"The doctor of the future

will give no medicine,

but will instruct

his patient in the care

of the human frame,

in diet and

in the cause and

prevention of disease."


Thomas Edison



All living creatures are subject to and respond to stress.  When they stop responding they are what we call "dead."   Stressors are supposed by many to be outside us, imposed upon us, or of origins external to us.  But stressors can also be inside us, that is, starting within us or of internal origin.  In other words, stress is internal or external and can be emotional, chemical or physical.  Whatever the origin, the progressive and measurable result of stress in the human system is what scientists call catabolism or "destructive metabolism," that is, the gradual breakdown of tissues and systems over time.  This gradual breakdown of tissues and systems over time is also called "aging."


The good news about this insidious and somewhat mysterious process of stress and aging is that certain hormones and immune substances that respond to stress can be measured to evaluate your body's physiological response to stress over time. The ability to measure your body's response to stress over time allows one well-versed in the physiology of stress and stress-induced illness to draw critical conclusions that assist in the development of specific strategies for reversing the damaging effects of stress.  Therefore, the ability to objectively measure your physiology's maladaptation and its favorable response to stress-ameliorating strategies becomes a powerful tool in your concerted effort to reverse the damaging effects of stress, improve energy and vitality, influence favorably the process of aging and increase the potential for good health in the years that lie ahead.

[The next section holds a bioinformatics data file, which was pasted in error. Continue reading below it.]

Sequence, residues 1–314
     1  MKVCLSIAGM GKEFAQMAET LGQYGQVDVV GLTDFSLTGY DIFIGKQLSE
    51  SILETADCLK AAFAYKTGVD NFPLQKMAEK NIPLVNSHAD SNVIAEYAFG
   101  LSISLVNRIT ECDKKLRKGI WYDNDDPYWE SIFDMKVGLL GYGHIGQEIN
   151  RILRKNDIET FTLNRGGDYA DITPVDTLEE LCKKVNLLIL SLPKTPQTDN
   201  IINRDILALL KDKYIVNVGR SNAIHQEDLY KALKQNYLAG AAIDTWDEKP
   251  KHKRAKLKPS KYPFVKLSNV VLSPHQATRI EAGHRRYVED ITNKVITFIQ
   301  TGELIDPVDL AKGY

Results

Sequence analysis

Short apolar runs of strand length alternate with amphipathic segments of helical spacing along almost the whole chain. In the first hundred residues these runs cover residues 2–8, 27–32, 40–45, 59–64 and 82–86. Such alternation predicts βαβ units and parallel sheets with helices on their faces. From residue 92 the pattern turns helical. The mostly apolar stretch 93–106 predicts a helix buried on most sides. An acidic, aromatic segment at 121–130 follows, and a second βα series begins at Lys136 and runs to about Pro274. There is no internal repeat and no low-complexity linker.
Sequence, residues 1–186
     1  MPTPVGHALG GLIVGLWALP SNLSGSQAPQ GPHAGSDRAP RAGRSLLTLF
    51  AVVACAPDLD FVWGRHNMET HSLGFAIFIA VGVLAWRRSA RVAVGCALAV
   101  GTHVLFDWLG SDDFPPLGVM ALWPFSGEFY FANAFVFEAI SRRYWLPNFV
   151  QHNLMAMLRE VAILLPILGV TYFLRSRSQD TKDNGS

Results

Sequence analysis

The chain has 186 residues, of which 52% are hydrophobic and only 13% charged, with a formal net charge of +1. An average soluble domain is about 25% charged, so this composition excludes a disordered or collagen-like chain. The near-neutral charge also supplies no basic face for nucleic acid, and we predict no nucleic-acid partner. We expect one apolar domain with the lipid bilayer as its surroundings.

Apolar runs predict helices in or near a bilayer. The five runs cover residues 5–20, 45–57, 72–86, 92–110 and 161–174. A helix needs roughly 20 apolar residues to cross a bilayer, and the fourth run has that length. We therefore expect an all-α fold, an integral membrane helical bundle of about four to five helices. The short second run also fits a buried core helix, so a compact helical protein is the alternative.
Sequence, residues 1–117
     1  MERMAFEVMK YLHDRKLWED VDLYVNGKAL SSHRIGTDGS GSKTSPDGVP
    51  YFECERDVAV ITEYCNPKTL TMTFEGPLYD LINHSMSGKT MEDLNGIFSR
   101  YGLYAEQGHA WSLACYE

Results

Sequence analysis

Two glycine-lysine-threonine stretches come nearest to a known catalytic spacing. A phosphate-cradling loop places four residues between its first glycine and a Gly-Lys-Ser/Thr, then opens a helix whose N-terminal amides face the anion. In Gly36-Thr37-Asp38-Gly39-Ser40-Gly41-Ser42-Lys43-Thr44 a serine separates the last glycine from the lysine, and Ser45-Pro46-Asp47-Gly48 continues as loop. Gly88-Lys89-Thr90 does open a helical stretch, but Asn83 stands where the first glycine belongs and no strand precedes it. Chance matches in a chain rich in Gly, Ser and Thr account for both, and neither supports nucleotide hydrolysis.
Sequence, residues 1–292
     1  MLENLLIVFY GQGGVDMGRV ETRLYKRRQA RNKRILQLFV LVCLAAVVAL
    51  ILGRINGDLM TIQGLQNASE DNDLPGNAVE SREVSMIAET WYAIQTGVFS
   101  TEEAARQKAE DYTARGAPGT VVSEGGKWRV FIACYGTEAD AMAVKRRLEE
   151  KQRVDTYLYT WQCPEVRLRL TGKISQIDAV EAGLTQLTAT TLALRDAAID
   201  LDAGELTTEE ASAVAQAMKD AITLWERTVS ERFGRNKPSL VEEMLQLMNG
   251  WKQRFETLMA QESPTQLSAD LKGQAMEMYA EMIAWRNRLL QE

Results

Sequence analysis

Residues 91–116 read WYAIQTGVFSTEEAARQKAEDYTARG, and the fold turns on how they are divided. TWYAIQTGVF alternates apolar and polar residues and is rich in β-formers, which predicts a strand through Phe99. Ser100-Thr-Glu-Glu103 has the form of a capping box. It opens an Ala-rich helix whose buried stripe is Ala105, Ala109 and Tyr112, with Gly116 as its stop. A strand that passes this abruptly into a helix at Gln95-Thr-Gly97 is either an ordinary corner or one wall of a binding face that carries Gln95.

75 - 90% of all visits to doctors offices are due to stress related disorders.


5 minutes of anger or frustration depletes the immune system for more than 6 hours.


Lack of adequate physical activity when you are 40 predictably predisposes you to health challenges when you are 60.


Poor dietary choices, unmanaged emotional states, inadequate sleep, chronic pain and inflammation, all cause an increase in a stress hormone that kills brain cells, suppresses the immune system, promotes bone loss, increases the storage of fat and reduces vitality.





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